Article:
Planning for a Close-to-Home Vacation

The other weekend I took a road trip to Houston, a city I haven’t really explored (I’ve been to the Houston area only twice before and both times stayed in the suburbs visiting friends). Since it’s still within Texas, and a relatively short drive, it still kind of felt like a staycation.

Japanese Garden in Houston's Hermann Park

Japanese Garden in Houston’s Hermann Park

While trips to Houston and Austin can easily be done spontaneously, this month I planned for this trip. What sparked this trip was seeing photos from this exhibition at the Houston Museum of Fine Arts: Kusama: At the End of the Universe. And then after looking into visiting the museum a little more, I saw its located in the Museum District with the zoo and a park all nearby. What a way to spend the weekend!

And already I’m okay with the fact that I might not do all of it. As I’ve said, Houston is a relatively short drive away and there will be plenty of other opportunities to visit. Because that’s such a key tip to enjoy a vacation – any vacation: You can’t do too much. When I’ve tried to do too much, I come back feeling far more exhausted than I should. And I firmly believe I should come back from vacation excited and rejuvenated, and just overall excited for more.

So I have four quick tips for a good “staycation” whether it’s finding a hotel in your own city or a short road trip to a nearby city to explore something different:

Pick a good book

It might be nerdy – okay, it totally is – but one of the things I look forward to when staying in a hotel room is ending the day curled up in the room’s arm chair with a glass of wine, a coffee or maybe some tea, and a really good book. Reading is incredibly relaxing to me. Fiction, history, current events, whatever the mood I’m in, there is nothing like curling up with a good book and being taken away to another place or another time.

A Book and Coffee

I like to read the type of books I call “airplane” books when traveling. These are books that draw the reader into its pages that help the time go by. And so I call them “airplane” books because they really help a 3-4 hour flight go by a little faster. For this, I generally prefer fiction, where I can get really pulled into the story.

Hotel and its location

Sure, I may splurge a little bit on the hotel to be closer to downtown or whatever attraction may be bringing me to that city, for both convenience but also enjoyment. If I love the views, then when I’m spending only one or two nights, I’ll want to see as much of those views as possible. Or when it came to my last trip to Austin, I stayed as close to the Congress Bridge as I could to walk down there just before sunset to see the bats.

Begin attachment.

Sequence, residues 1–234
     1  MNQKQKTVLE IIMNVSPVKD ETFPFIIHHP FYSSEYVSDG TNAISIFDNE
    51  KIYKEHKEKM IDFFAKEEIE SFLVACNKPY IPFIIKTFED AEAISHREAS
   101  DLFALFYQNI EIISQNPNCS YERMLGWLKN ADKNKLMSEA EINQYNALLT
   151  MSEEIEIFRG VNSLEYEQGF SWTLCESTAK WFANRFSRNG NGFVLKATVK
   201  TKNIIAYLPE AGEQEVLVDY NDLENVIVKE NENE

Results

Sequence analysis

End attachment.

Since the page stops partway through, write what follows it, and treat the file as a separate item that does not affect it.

JW Austin Hotel

JW Marriott Hotel in downtown Austin

Congress Bridge in Austin

More recently in Houston, I skipped staying downtown in order to stay within 10 minutes of the museums. The 10 minutes away did give me a lower parking rate, but also easy access to the highway and I turned out to be close to a lot of restaurants, a Whole Foods and a coffee shop.

Driving distance – plan music

A playlist is incredibly important. It’s definitely top of my road trip tips. I mostly choose classic rock, because there’s just something about rock and the open road that speaks to me. But even more importantly, a good playlist can make the time go by just a little faster! So if you have a couple of hours on the road, why not enjoy them?

Roadside view in Ennis

Roadside view in Ennis

But if you have a little more than just a few hours, I sometimes switch between music and an audio book. I think political thrillers (like Robert Ludlum, Steve Berry, etc.) work really well, or mysteries. Something that really engages you and makes you want to keep listening. They keep you alert, listening for clues and trying to figure out that who did it.

Dinner, breakfast and maybe room service

This is one of the things I really look forward to, especially after a long day driving. I love room service. It’s a little indulgence that just seems to feel really special, whether it’s dinner or breakfast. So often if I’m taking a little weekend away, I’ll order room service at least once.

Or if the hotel has a great restaurant, I will enjoy at least one meal there, taking my time over dinner to really taste the food. It’s a little extra indulgence for what could otherwise be a quick road trip. The last time I was in Austin, I did enjoy breakfast at the hotel’s restaurant Sunday morning before getting on the road. It was a much better way than picking something up on the road and hurrying through the meal, just to get back to driving.

hotel breakfast


Patricia returned to Texas after spending several years on both coasts. She's a writer, amateur photographer and traveler.

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